Jul 28, 2013

Coverage Visualization

I've been thinking recently about better ways to visualize coverage results. The new UCIS API provides ways to access coverage data more easily in third-party tools. I've mostly finished wrapping this API in Python, using SWIG, to create PyUCIS. That Python layer provides iterators and other Pythonic idioms to let you use the UCIS more efficiently. So far I'm seeing about 66% less code for equivalent C functions. Also, a large part of the UCIS implementation is tied up in XML and the Python libraries for XML support are excellent. I've found it a useful way to write tools around coverage data, quickly. That efficiency and quick development is key to providing a flexible toolkit to analyze coverage data. Rather than building an all singing, all dancing tool, I'd rather have a toolkit of features that allow me to inspect and visualize the data, that can be tuned to the particular job at hand. Matplotlib and other visualization tools, such as NetworkX, are great, free libraries that become available, once you get the data into a Python environment. Trying to do similar visualizations in C is possible, but generally prohibitive in time and effort.

So now that I have easy access to coverage data and a wide range of visualization tools available, I've been thinking about how I'd like to look at that coverage. Normally we just get some sort of traffic light view, typically in something that looks like a spreadsheet or tree view. These views might group the coverage model in terms of the implemented model hierarchy - rolling up percentages, flagging things in red if they are low numbers of hits, green for close to 100% coverage. This is useful, but it doesn't really show much about the scope of the coverage model. It would be very easy to write a functional coverage model with a few, easily reached bins and declare '100% coverage' and move on.

The normal way to avoid that scenario is careful review of the coverage model, inspection of code and meetings to discuss what is in the spec that needs coverage. That is certainly a necessary part of planning for verification. I just think there might be additional metrics that could be used and visualised to give a better indication of what the current state of the design is. I started thinking about coverage density, in particular are there ways we could come up with a metric to show that a block has sufficient coverage - at least as a first order approximation. I think this could be useful for both simple code coverage - 100% on a small block is less interesting than 100% on a large block, for example, as well as for functional coverage. Again, a large, complex module with only a few functional coverage points and 100% coverage should be seen as worse result than a small block, with many functional coverage points, that is reporting 100%. We should be more worried about that large, mostly sparsely covered part of our design. I'd like the visualization of any coverage results to highlight those sorts of regions that are completely covered but only thinly.

This then starts to lead to an idea of density, based on the size of a module and the amount of coverage collected. I haven't found any examples of metrics like this. The only reference to coverage density that I have seen is in Functional Verification Coverage Measurement and Analysis by Andrew Piziali. There though the coverage density refers to the number of coverage hits per simulation cycle and is a measure of efficiency of a given test.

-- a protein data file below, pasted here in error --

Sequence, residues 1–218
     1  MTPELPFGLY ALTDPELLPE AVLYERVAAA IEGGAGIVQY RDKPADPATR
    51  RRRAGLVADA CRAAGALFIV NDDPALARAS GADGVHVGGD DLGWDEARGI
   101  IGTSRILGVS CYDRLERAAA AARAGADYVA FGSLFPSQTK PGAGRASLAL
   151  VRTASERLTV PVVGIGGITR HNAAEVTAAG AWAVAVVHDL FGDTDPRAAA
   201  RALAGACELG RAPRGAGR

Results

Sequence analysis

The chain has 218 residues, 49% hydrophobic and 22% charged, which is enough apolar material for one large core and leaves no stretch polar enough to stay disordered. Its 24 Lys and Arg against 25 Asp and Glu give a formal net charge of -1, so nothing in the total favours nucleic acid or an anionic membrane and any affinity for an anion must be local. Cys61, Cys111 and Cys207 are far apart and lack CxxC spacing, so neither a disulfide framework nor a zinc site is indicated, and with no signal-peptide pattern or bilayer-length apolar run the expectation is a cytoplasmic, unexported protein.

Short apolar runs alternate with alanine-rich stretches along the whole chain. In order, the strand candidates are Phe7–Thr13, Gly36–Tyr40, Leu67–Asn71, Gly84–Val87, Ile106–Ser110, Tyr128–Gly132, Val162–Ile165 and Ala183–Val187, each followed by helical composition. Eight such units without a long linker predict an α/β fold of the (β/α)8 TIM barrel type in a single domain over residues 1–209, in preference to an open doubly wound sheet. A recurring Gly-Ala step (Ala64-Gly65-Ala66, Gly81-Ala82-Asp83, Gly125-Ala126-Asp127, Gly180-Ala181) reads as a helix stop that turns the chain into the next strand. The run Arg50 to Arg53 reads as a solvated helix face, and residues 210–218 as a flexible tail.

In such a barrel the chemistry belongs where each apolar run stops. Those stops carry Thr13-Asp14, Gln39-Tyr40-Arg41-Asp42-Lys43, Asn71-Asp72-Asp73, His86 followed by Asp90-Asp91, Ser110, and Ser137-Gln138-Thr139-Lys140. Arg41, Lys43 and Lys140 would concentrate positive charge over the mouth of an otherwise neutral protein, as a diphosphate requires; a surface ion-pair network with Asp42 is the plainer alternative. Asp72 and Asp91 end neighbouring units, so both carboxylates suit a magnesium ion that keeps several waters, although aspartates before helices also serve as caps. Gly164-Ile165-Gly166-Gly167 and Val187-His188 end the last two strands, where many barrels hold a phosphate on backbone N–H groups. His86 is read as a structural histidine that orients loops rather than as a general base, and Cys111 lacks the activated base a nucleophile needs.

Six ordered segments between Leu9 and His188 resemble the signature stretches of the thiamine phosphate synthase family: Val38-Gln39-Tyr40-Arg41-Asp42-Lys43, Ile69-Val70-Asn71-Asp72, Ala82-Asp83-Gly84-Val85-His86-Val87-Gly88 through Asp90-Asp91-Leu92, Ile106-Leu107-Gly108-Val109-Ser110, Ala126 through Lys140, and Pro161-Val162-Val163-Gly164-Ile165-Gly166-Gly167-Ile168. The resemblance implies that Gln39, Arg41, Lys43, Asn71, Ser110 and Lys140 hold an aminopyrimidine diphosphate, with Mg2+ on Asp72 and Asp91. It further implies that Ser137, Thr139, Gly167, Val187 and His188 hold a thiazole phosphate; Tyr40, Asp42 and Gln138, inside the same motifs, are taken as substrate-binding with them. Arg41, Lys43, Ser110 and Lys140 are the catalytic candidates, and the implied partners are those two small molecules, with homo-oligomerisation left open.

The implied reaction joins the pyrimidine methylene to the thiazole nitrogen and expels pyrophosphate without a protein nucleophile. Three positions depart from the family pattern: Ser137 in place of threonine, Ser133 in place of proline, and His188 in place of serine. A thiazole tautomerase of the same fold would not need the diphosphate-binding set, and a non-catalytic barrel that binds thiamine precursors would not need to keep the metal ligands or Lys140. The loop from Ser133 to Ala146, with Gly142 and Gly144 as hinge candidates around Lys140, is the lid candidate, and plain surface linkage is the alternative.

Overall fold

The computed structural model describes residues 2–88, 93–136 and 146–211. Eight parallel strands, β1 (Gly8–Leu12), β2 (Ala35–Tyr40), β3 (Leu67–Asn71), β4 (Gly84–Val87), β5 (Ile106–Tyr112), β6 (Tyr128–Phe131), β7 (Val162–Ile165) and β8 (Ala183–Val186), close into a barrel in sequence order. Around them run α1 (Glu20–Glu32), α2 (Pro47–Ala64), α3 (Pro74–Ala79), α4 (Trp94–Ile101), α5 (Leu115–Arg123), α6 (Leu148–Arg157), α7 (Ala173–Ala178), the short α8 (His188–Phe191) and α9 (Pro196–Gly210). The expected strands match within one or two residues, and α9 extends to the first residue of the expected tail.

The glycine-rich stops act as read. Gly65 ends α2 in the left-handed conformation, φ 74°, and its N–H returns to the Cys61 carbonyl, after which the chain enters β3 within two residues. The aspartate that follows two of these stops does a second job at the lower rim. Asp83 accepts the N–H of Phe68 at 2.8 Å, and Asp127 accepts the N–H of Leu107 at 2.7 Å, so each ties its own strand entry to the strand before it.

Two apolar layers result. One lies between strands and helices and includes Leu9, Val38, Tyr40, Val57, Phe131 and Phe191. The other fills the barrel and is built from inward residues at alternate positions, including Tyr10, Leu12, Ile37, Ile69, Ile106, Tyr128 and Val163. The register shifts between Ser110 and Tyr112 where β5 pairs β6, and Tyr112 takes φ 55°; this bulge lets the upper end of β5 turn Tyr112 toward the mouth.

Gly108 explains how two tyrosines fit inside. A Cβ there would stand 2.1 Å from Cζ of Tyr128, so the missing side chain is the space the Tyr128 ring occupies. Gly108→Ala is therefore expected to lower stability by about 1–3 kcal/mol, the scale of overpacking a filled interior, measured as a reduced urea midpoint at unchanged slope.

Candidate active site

NetworkX sample

I think it might be reasonable to consider lines of code as a measure of the size of a module, although synthesized gate count would probably be a better indicator if that was available. Given that coverage data should be collected earlier in the process, before synthesis, I think the line count might be a good starting point. Similarly for the coverage model, we need a metric to estimate the 'size' or complexity of the coverage within a given block. Now a coverage model can span multiple parts of a design and be somewhat orthogonal to the implementation, but I think there is often a fairly direct mapping of some functional coverage to design blocks. When we have a reasonable metric for these, then we can come up with a view of the coverage density. I need to do some more investigation on what might be useful metrics here. It is quite straight-forward for code coverage but less of a one-to-one relationship for functional coverage.

I think two dimensional graphs of that coverage data might become a useful way to see the coverage in a design, using treemaps or network diagrams to allow a user to get a better feel for how the coverage closure is moving forward. Those could even be potentially animated over time to get a better view into the progress of the verification. This sample treemap shows a way of visualizing a source code repository, but the colour coding isn't really showing additional information. An display like this seems well suited to being extended to visualize coverage data. It could also be turned into a 3D visualization of the source code, with the density metric shown on the Z axis.

In a similar way that code coverage is useful right until you get 100% coverage, then it is useless, these sorts of views won't really help in saying 'we have enough functional coverage'. But they might be useful in showing that there isn't enough coverage in particular areas of the design.

There are comments.